A Canadian man who once owned a hockey team in the Ontario Hockey League learned he will spend the next 262 months in federal prison for orchestrating a massive Ponzi scheme that took in at least $130 million from over 1,000 victims. William Wise, 64, was sentenced by U.S. District Judge Edward Chen, who will decide in April how much restitution Wise should be ordered to pay to his victims. Wise pleaded guilty last September to one count of conspiracy to commit mail and wire fraud, twelve counts of mail fraud, three counts of wire fraud, one count of money laundering, and one count of tax evasion. With credit for good behavior, Wise will not be eligible for release until late 2033.
Beginning as early as 1999, Wise offered certificates of deposit (CDs) to potential investors that promised guaranteed annual rates of return of 16%. The CDs were offered by three entities: Millennium Bank, United Trust of Switzerland ("UTS"), and Sterling Bank and Trust ("SBT") (collectively, the "Millennium Entities"). Potential investors were told that the offered rates of return were made possible through overseas investments made by the Millennium Entities. Wise opened offices in Napa, California and Raleigh, North Carolina, where he employed and oversaw salespeople who solicited investors. Ultimately, nearly $130 million was raised from at least 1,200 investors.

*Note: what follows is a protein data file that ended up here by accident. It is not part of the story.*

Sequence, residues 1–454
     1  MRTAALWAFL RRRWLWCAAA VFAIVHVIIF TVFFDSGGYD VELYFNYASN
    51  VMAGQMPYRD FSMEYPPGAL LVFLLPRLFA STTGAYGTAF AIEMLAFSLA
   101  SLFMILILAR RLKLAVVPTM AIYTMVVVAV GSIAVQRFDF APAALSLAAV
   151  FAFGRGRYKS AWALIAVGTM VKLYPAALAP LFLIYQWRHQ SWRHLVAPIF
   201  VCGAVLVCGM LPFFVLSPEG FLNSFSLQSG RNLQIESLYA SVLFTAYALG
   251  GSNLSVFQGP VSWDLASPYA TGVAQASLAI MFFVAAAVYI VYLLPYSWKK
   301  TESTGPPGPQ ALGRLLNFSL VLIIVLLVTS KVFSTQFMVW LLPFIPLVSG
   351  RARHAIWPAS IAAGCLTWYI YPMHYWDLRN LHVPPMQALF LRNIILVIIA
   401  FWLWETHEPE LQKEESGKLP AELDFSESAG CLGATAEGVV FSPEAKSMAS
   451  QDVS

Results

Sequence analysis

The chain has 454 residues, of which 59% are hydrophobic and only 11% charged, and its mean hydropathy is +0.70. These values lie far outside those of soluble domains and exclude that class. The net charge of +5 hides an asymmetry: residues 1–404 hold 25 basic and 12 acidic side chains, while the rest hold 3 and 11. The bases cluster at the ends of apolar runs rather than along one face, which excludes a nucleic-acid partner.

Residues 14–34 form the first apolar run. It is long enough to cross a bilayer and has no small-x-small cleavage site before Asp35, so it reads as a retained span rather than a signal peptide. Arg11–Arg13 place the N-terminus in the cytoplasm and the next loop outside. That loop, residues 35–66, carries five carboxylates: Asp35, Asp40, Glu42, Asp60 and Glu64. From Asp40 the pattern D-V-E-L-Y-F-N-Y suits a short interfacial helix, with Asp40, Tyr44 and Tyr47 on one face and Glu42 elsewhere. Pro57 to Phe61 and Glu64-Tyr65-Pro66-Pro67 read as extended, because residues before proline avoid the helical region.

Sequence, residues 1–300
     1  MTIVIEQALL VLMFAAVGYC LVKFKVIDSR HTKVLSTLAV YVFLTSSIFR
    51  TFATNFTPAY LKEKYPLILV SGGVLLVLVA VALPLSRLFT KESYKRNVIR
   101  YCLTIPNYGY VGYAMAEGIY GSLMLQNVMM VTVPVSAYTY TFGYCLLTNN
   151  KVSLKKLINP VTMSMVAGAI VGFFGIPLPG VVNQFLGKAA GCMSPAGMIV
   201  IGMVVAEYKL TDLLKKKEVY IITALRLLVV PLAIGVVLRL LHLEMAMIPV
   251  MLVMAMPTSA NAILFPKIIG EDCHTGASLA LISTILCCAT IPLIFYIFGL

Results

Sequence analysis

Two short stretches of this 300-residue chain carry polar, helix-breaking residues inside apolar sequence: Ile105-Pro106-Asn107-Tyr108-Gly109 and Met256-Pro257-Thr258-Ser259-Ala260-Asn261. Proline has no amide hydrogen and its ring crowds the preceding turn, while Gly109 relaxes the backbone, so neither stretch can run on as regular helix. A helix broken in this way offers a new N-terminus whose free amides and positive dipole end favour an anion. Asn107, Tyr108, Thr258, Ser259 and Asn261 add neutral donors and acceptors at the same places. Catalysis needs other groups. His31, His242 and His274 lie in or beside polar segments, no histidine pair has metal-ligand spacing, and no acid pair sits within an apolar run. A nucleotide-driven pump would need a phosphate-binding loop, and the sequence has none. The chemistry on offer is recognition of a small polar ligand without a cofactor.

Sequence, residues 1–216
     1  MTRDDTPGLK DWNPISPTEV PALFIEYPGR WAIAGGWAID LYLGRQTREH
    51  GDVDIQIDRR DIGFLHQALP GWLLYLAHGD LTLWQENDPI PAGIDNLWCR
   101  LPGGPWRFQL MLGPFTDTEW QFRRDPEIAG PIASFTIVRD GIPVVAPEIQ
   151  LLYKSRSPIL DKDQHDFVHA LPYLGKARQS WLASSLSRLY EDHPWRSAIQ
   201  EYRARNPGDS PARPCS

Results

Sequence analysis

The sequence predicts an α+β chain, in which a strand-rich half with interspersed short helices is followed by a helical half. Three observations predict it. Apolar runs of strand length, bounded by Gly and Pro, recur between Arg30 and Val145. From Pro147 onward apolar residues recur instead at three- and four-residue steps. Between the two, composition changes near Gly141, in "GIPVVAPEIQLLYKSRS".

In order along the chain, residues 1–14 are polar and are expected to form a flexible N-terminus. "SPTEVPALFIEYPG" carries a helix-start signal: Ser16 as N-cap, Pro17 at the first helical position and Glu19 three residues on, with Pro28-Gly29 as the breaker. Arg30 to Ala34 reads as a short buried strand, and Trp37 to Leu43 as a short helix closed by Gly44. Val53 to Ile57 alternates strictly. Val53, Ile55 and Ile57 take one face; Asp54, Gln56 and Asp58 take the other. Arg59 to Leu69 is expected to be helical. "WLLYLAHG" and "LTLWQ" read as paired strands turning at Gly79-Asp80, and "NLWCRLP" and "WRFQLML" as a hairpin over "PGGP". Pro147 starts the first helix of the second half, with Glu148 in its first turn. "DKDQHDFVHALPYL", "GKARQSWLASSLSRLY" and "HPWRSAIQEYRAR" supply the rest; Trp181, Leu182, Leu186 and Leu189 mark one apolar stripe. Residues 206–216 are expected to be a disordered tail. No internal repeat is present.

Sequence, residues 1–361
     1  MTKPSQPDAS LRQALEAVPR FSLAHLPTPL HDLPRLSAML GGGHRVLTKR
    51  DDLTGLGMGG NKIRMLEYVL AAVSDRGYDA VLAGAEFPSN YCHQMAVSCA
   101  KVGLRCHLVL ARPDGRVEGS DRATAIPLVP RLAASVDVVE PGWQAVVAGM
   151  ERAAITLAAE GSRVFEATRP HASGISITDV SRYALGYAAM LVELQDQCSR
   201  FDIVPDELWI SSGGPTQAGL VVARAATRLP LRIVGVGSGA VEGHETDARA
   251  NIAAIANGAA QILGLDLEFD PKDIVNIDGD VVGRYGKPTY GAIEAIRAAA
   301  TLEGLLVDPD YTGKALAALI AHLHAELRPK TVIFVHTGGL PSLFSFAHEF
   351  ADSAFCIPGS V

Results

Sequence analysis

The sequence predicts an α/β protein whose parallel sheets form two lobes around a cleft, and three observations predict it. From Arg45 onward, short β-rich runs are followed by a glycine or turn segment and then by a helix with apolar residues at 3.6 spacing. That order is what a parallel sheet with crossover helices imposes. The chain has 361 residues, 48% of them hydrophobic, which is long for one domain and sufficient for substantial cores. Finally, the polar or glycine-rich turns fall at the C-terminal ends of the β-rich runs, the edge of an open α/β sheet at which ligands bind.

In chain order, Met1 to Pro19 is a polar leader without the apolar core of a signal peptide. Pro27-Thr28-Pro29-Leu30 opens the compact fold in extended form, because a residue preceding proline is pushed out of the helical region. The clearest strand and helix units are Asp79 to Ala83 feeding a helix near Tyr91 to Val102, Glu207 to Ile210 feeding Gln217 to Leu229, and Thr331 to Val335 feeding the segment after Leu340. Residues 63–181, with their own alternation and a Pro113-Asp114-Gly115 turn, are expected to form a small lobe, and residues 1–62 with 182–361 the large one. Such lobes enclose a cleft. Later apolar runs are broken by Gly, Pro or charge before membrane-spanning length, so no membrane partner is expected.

However, Wise failed to disclose that he controlled the Millennium Entities, and that the promised rates of return were not from overseas investments but rather from the funds of other investors - a classic hallmark of a Ponzi scheme. In addition to using investor funds to make interest and principal payments, Wise misappropriated a stunning $50 million to support a lavish lifestyle that included:
- a $12,000 weekly allowance for his wife;
- a $6,000 - $10,000 monthly allowance for each of his girlfriends;
- $1 million on fine wine;
- $800,000 to build a hangar in Atlanta for his corporate jet;
- $450,000 for three boats;
- and the purchase of a property in St. Vincent and the Grenadines.
After the Securities and Exchange Commission filed charges and obtained a $75 million judgment against Wise, he was subsequently indicted in February 2012. Wise turned himself in on April 17, 2012, and pleaded guilty in September 2012.
A court-appointed receiver identified over 300 investors that were fortunate enough to profit from their investment with the Millennium Entities, and subsequently filed suit against 200 of those so-called "net winners." Ultimately, the Receiver was able to recover over $2.5 million in "clawback" settlements and judgments.
A copy of the plea agreement is below: